It’s haru time! The Dallas Arboretum is partnering with the Japan-America Society of Dallas/Fort Worth to celebrate both the beginning of spring (aka haru) and the centuries-old custom of hanami. Hanami is a Japanese custom that literally translates to “flower viewing.” As its name suggests, the tradition centers on enjoying a flower’s beauty, particularly the sakura or cherry blossoms, which are just beginning to bloom in the garden.
The beautiful pink-tinted flowering of the cherry blossom has been celebrated for centuries in Japan, and this year the Arboretum has about 150 sakura trees that are beginning to bloom. The blossom viewing celebration has been rescheduled to take place Sunday, March 23, from 12:30 to 2:30PM.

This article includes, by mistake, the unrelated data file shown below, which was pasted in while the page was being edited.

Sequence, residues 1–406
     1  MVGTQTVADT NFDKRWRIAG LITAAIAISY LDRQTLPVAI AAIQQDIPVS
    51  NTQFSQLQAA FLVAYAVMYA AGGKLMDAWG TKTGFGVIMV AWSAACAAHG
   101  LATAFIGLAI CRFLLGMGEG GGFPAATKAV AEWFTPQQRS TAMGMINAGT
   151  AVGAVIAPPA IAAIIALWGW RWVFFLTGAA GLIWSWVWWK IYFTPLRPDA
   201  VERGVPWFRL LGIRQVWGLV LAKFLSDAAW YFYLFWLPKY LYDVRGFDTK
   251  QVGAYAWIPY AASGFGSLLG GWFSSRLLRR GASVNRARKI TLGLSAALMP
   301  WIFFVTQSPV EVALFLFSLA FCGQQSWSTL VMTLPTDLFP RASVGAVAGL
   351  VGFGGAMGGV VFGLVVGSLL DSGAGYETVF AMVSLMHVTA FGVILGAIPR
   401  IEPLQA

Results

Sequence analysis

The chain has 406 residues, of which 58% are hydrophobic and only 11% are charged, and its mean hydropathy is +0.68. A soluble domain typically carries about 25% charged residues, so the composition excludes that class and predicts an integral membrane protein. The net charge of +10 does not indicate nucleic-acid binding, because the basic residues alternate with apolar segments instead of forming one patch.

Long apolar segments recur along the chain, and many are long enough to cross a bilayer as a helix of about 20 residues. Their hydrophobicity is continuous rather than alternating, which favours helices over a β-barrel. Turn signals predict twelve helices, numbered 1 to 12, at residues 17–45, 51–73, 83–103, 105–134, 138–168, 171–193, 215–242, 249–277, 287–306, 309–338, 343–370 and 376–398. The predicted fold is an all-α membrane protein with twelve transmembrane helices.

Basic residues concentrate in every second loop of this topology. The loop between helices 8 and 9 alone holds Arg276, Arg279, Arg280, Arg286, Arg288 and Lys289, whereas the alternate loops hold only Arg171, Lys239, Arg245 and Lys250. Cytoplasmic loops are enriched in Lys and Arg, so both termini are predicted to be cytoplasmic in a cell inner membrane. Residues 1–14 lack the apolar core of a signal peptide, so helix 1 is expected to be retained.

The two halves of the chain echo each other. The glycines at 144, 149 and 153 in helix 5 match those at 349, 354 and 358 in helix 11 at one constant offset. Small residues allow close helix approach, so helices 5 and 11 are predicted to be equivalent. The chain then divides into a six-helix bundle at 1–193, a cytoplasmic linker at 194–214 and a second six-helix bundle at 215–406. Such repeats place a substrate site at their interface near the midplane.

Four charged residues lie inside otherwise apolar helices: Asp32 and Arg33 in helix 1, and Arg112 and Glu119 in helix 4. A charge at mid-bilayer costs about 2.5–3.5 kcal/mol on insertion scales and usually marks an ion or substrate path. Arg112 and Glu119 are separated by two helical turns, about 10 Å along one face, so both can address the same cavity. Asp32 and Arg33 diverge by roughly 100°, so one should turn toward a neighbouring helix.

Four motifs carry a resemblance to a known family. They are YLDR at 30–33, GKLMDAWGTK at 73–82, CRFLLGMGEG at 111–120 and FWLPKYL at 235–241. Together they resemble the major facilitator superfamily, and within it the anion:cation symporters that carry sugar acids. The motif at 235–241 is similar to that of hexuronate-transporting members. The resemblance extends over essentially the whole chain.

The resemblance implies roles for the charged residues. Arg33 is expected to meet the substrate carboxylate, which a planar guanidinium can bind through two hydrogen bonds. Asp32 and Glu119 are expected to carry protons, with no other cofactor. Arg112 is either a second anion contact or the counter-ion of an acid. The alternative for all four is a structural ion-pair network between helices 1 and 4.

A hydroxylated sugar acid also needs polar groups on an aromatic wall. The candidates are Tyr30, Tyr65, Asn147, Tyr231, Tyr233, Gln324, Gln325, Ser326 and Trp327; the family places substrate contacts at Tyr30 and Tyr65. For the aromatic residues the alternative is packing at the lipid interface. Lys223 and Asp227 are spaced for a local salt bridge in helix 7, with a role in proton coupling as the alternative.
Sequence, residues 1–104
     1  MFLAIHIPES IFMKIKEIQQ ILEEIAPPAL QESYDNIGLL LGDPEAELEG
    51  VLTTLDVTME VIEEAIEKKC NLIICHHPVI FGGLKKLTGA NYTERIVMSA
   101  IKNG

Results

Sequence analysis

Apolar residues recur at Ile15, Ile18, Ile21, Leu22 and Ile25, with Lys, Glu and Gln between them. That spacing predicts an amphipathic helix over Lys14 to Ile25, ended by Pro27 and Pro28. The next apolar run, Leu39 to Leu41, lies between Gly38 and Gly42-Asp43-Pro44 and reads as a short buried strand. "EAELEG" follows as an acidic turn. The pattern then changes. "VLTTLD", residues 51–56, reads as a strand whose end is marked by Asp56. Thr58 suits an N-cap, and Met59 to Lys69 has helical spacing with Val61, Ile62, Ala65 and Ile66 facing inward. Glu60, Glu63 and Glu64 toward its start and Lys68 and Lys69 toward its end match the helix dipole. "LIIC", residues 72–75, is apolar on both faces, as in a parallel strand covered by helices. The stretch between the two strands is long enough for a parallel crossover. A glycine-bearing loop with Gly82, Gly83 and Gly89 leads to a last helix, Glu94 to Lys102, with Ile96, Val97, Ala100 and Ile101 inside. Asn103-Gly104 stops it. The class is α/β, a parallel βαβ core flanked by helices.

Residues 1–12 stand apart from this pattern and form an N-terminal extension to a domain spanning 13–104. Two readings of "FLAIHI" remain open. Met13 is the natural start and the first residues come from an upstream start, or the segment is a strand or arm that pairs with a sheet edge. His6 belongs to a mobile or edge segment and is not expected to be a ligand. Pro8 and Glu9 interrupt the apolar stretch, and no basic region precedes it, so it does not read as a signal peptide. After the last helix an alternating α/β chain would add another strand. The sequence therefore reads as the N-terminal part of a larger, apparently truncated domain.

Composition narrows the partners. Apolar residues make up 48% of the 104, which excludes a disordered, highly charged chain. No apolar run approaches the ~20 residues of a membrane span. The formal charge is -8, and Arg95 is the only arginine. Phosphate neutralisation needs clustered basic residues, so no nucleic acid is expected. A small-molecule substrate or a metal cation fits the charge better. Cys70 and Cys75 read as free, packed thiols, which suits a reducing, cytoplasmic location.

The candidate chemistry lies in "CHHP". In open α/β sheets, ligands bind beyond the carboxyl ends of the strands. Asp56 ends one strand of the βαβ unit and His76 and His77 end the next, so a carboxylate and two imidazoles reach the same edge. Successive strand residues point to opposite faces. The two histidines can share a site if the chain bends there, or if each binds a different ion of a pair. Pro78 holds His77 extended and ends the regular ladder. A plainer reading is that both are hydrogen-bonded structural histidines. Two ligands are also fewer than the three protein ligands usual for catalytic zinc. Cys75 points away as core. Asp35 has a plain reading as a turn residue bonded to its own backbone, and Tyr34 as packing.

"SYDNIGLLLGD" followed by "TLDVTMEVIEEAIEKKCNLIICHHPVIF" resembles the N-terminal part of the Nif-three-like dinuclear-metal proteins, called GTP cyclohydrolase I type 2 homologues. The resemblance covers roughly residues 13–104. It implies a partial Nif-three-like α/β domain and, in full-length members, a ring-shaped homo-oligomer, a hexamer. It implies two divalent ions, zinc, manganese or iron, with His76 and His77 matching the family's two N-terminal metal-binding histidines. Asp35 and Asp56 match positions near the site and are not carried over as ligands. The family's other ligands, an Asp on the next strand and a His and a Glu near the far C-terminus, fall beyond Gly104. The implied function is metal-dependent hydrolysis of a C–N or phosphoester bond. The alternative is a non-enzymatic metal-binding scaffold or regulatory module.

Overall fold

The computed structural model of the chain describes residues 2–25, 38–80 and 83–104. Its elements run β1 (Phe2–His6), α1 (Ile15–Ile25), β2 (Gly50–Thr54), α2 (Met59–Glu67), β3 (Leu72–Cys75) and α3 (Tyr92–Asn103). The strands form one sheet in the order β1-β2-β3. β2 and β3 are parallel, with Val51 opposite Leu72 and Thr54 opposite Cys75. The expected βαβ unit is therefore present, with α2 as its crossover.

Visitors are invited to enjoy a traditional Japanese hanami experience and to bring their own picnic lunch and dine underneath the beautiful blooms while listening to live music from both koto (floor harp) and shakuhachi (Japanese flute). In addition to the music, there will also be family activities such as calligraphy, origami and coloring.
Hanami dates back to the Heian Period, when flowers were used as a metaphor for life—beautiful yet fleeting. The blossoms themselves typically last about 10 days, so a chance to see them in bloom is a short-lived opportunity.
Once the celebration is over, return to the gardens to view the stunning landscapes you might have overlooked, and enjoy all nature has to offer.
The Hanami celebration is free and takes place in the Jonsson Color Garden. Regular parking and admission prices to the Arboretum apply. See below for event details.
12:30–1PM Shakuhachi music by Stan Richardson
1–1:05PM Welcome remarks by Steve Mullen
1:20–1:50PM Shakuhachi music by Stan Richardson
2–2:20PM Choral music by Cosmos Japanese Women’s Choir
1:10 and 1:50 PM